I don’t know if it was cold enough to kill Christmas Eve morning, but it was definitely cold enough to get my attention. And that was all it took to convince me to pull the blankets back over my head and get a little extra sleep.
I had tentative plans for a holiday chukar excursion before joining the Elk Hunter to exchange gifts (I scored some excellent pasta attachments for my Kitchen Aid, by the way). The weather unfortunately had other ideas. After a relatively mild December, things went bad in the week before Christmas. There was snow, and even more concerning, sub-zero temperatures. After dreaming of dancing sugar plums all night, I woke, used my smart phone to check the weather, and decided to stay in.
How cold was it? The town nearest the chukar grounds registered -9. It was unclear if it would break zero for the day.
I’m sure my primary motivation was laziness, but in the moment my rationalization was that I was acting — or rather not acting in this case — in the best interests of my dog.
Still, in weather that cold you have to be prepared. The Elk Hunter and I recently watched the riveting crime drama “Wind River.” I’m not giving away too much to say that one character dies from pulmonary edema caused by her lungs freezing as she ran for her life in a frigid Wyoming winter night.
The dog probably would have been just fine running hard in temperatures hovering around zero, her lungs at least. We’ve hunted before in weather nearly as cold and the biggest problem is ice balls forming between her pads. When that happens she understandably focuses her attention on chewing the ice free from her foot hair rather than finding birds. Those ice balls must be like trying to jog with ball bearings in your sneakers.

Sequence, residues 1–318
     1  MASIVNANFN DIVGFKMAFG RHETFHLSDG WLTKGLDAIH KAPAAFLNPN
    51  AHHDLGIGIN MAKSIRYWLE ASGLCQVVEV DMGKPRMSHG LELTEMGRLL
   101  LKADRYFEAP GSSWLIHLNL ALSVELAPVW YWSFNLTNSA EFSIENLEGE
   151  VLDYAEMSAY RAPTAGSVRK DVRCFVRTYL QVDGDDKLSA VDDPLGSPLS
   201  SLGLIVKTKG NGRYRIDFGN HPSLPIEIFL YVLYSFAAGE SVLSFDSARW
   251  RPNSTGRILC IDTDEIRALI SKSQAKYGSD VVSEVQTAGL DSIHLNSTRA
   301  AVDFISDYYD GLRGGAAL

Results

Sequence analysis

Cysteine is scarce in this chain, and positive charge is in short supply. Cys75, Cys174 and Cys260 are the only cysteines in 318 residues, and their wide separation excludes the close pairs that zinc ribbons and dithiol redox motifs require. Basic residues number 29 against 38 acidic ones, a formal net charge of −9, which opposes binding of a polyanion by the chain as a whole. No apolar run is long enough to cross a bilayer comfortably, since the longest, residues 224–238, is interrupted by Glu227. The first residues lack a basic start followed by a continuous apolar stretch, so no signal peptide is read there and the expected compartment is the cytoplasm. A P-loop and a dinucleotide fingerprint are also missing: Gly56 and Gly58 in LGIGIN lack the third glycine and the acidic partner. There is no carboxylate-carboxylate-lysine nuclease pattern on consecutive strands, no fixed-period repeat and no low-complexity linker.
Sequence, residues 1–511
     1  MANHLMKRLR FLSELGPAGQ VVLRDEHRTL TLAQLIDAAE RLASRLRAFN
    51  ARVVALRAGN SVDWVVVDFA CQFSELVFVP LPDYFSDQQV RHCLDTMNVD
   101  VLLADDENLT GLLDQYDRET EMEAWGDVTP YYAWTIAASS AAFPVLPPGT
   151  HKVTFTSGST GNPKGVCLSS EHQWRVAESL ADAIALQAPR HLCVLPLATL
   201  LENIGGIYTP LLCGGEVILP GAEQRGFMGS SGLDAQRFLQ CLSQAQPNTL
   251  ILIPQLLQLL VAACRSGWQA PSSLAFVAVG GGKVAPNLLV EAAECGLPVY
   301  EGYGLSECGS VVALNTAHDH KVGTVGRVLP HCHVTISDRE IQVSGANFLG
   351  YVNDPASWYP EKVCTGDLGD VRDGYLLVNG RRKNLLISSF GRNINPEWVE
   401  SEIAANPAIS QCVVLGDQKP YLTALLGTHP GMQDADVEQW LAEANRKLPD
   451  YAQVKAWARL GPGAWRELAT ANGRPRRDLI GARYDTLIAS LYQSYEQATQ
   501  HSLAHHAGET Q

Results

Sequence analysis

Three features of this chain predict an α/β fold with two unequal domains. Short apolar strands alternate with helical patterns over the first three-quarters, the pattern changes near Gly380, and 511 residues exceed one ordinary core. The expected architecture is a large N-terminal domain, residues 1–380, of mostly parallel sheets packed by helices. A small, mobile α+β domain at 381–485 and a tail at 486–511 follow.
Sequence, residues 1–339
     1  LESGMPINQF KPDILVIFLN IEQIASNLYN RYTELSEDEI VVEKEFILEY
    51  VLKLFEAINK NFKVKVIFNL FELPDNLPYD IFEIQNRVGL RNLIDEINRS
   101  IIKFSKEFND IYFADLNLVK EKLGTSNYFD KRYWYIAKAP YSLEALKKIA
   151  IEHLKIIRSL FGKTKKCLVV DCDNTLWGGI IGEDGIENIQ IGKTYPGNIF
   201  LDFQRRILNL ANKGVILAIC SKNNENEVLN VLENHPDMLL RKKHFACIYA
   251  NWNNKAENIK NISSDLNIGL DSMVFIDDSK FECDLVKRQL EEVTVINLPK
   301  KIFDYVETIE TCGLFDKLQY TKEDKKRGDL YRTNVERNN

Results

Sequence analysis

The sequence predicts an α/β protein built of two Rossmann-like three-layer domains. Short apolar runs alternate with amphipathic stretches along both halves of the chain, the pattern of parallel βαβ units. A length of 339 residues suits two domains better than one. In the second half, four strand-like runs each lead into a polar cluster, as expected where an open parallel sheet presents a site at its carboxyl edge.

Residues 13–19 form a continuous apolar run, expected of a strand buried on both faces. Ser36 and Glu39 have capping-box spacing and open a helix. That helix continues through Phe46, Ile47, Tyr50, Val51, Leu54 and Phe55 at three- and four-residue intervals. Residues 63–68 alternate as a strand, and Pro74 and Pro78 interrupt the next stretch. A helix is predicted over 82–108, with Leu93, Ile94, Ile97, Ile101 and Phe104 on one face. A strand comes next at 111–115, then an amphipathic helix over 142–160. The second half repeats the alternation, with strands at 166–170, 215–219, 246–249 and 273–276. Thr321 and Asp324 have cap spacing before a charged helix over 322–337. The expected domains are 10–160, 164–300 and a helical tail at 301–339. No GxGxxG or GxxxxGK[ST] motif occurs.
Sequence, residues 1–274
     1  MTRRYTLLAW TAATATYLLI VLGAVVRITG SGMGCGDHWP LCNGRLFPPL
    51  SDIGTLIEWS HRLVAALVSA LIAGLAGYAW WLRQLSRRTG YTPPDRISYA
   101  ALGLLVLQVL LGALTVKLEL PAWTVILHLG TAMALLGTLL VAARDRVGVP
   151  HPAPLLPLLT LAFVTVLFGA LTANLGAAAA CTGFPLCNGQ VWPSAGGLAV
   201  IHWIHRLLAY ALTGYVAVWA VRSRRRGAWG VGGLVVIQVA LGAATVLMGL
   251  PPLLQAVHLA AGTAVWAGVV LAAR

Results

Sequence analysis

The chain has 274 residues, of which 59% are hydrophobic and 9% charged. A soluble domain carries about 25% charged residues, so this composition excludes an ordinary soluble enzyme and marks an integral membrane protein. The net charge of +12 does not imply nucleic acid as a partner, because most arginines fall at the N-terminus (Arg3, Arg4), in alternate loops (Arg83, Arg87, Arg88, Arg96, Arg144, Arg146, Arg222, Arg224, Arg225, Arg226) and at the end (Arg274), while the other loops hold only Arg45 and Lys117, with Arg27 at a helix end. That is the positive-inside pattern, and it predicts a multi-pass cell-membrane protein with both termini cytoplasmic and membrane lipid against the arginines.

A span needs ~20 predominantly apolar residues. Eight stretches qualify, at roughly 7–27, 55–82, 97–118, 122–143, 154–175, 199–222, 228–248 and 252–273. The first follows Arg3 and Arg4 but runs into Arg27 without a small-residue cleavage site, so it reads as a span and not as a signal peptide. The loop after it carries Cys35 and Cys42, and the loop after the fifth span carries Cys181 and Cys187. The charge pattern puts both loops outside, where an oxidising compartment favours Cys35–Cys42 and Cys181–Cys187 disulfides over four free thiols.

Fortunately, I have dog boots to deal with that problem.
I suspect the lower end of my winter cold tolerance comes well before that of my dog. Icy feet aside, I don’t think she would have been in much danger running around on Christmas Eve. The respiratory tracts of most critters due a pretty good job of warming air as it passes through the body. One study suggests -40 degree air is warmed to body temperature by the time it reaches a dog’s lungs. How that was measured, however, I don’t have a clue.
The animal with possibly the best cold air warming system is the saiga antelope. These endangered antelope live on the frigid Eurasian steppe, and they have an air warming schnoz on them that makes the features of Watto — the large-nosed junk dealer on Tatooine who keeps Anakin Skywalker and his mother as slaves — seem delicate.
But extreme cold is tough on birds, especially if it’s long-lasting and comes with heavy snow cover that buries food. Of course the point of bird hunting is bird killing, but only birds you shoot, not the ones that scurry away unseen, while burning vital winter-surviving calories. When it gets cold and food gets scare or is buried in snow, game birds first burn through fat reserves, then muscle. Too much stress and they can’t survive to make baby game birds the following summer.
So chasing coveys in the extreme cold when your heart really isn’t in it only stresses birds at a time when they are most vulnerable to stress. The chukar season in Wyoming runs through the end of January, so if we get a little irregularity before then, maybe I’ll squeeze in another day or two of hunting.